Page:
Rookie MPP Amanda Simard says she is leaving the Ontario PC caucus to sit as an independent just days after publicly speaking out against her party’s cuts to French-language services.

Simard’s decision was announced in a letter sent to the speaker of the house on Thursday morning.

“I would like to advise you that effective immediately, I am no longer a member of the Progressive Conservative Caucus. I will continue to take my place in the Legislative Assembly of Ontario as an Independent,” her letter read.

Sources in the Ford government tell CTV News Toronto that Simard left caucus before she was about be pushed out.

During a caucus meeting Thursday, sources said a number of PC MPPs said Simard should leave caucus, citing her vote against the government’s Fall Economic Statement during its second reading in the legislature.

As the Fall Economic Statement is a money bill that allocates spending, voting against it signifies a vote of non-confidence in the government, a hostile thing for an MPP on the government’s side to do.

Sources said Premier Ford was “ready to listen” to the concerns of MPPs about Simard but she left caucus herself before they could take any action.

Simard, who represents the largely Franco-Ontario riding of Glengarry-Prescott Russell, has been critical of the Ford government’s decision to scrap the independent office of the French-language services commissioner and a planned French-language university.

Following backlash, the province later backtracked on the decision to eliminate the commissioner’s office, offering to hire a commissioner within the office of the provincial ombudsman. The government also promised to create a Ministry of Francophone Affairs and employ a senior policy adviser on francophone issues.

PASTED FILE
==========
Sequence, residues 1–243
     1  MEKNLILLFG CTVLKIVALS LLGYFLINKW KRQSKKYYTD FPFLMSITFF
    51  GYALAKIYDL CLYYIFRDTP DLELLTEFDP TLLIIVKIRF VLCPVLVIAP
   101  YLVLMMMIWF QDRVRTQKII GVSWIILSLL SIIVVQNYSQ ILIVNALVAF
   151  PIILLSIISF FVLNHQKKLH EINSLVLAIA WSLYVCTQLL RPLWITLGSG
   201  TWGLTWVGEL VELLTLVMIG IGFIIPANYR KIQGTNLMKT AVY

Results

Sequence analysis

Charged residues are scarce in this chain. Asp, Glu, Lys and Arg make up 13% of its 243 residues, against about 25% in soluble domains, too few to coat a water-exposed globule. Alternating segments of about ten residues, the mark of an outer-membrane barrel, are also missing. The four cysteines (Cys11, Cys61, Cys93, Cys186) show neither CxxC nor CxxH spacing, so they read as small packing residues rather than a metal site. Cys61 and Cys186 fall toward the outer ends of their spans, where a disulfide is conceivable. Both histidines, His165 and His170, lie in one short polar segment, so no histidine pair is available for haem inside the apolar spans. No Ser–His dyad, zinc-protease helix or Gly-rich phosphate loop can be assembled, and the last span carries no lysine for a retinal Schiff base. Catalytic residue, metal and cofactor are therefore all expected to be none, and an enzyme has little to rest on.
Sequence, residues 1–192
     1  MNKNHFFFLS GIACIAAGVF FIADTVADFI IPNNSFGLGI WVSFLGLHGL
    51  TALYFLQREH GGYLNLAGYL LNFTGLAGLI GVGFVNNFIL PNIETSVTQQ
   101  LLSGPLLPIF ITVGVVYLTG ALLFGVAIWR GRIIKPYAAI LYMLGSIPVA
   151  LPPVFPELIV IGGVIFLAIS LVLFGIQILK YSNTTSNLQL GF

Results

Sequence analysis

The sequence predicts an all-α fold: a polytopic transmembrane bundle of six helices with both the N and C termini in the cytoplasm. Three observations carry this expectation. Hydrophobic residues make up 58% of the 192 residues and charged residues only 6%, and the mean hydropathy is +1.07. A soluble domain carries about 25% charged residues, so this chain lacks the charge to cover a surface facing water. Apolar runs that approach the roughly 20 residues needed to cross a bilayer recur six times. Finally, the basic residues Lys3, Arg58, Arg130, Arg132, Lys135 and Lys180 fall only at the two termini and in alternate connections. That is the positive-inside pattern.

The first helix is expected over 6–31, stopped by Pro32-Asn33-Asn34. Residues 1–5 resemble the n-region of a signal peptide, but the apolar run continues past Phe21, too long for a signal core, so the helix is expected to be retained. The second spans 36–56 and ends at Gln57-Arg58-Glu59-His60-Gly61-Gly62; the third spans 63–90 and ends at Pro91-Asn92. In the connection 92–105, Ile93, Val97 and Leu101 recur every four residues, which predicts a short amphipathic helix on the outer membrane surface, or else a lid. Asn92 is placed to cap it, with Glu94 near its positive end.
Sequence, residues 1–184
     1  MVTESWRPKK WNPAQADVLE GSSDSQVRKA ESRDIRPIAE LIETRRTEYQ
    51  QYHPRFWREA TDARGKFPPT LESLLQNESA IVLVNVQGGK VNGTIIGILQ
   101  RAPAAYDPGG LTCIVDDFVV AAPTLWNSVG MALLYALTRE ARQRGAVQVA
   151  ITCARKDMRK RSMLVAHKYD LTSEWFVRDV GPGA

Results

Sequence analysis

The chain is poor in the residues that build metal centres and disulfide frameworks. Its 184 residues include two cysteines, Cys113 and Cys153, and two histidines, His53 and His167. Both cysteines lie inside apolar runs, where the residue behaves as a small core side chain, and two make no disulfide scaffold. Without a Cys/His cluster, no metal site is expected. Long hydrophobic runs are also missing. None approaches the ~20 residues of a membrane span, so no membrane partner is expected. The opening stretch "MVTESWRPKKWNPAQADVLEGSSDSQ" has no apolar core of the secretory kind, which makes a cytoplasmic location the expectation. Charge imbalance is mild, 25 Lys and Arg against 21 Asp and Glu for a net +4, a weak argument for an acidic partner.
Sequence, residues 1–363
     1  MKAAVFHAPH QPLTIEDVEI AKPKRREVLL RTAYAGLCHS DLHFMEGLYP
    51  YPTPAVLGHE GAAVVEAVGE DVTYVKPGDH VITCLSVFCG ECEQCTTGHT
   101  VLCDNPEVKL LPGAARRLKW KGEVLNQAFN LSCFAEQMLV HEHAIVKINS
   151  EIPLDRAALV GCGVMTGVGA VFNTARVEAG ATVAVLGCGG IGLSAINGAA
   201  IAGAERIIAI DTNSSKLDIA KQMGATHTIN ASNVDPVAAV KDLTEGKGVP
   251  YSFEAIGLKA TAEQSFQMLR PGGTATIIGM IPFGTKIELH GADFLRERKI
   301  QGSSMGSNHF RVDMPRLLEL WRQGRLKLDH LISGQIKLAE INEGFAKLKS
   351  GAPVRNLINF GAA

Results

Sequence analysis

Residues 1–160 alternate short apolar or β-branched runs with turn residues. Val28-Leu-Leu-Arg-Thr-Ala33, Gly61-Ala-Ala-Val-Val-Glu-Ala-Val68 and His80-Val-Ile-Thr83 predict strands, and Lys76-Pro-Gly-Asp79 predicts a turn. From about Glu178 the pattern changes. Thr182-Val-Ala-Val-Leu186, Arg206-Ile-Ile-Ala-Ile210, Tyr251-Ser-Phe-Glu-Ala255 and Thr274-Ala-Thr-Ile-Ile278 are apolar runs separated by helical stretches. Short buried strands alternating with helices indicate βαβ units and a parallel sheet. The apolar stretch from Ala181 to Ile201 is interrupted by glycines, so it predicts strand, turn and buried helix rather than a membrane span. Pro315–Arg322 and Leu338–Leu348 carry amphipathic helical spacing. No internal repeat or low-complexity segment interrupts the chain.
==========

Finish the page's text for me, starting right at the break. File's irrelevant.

"The government's proposals since this initial announcement amount to one step forward but three steps back. If we make this kind of concession, there will be nothing left in a few years," Simard said in French in the legislature earlier this week.

"Franco-Ontarians are not asking for additional rights or services, we're asking that the existing protections and entities remain in place," she continued, speaking in English.

The premier contends that the cuts were necessary to reduce the deficit but Ford did not specify how much money would be saved. On Wednesday, Simard said the decision would not "contribute in any meaningful way" to reducing the deficit.

When iPolitics reporter Marieke Walsh asked Ford if Simard gave him advance notice of her departure, the premier replied, “Nope.”

“I just look forward to a strong team and a great team that we have and we are more united than we’ve ever been. Ever,” Ford said Thursday.

“We stick together. We are united. Solid. Solid. United."

Later Thursday morning, Ford’s office issued a statement calling Simard’s departure “unfortunate.”

“We wish Amanda Simard well as she sits as an independent. It’s unfortunate that she chose not to work within government in service to her constituents," the statement read.

"We are disappointed she chose to vote against the Fall Economic Statement which will help restore trust and accountability to Ontario’s finances. She voted against a bill that had the largest tax cut for low income workers in a generation, increased transparency on the job killing federal carbon tax, and helped make Ontario open for business."

Interim Liberal Leader John Fraser applauded Simard for her “courage.”

“Ms. Simard did something very brave this morning. What she said is, ‘What my party is doing to my community, the Franco-Ontarians… is wrong. And it is so wrong that I’m going leave my family, my party, which is like my family,’” Fraser said.

“It takes a lot of courage. I know that all of us on the opposition side, the Greens, the Liberals, and the NDP welcome her on that side.”

The NDP, meanwhile, continued to grill the premier on the French-language cuts.

“They are a founding people of this country,” MPP John Vantof said in the house. “This is more than just a broken promise.”

Ford stood by his party’s decision, contending that his government is "empowering the role of French language service commissioner under the ombudsman."

“We have a fantastic new minister of Francophone affairs, a wonderful person, Caroline Mulroney. Couldn’t ask for a better representative," he added. 

-- With files from The Canadian Press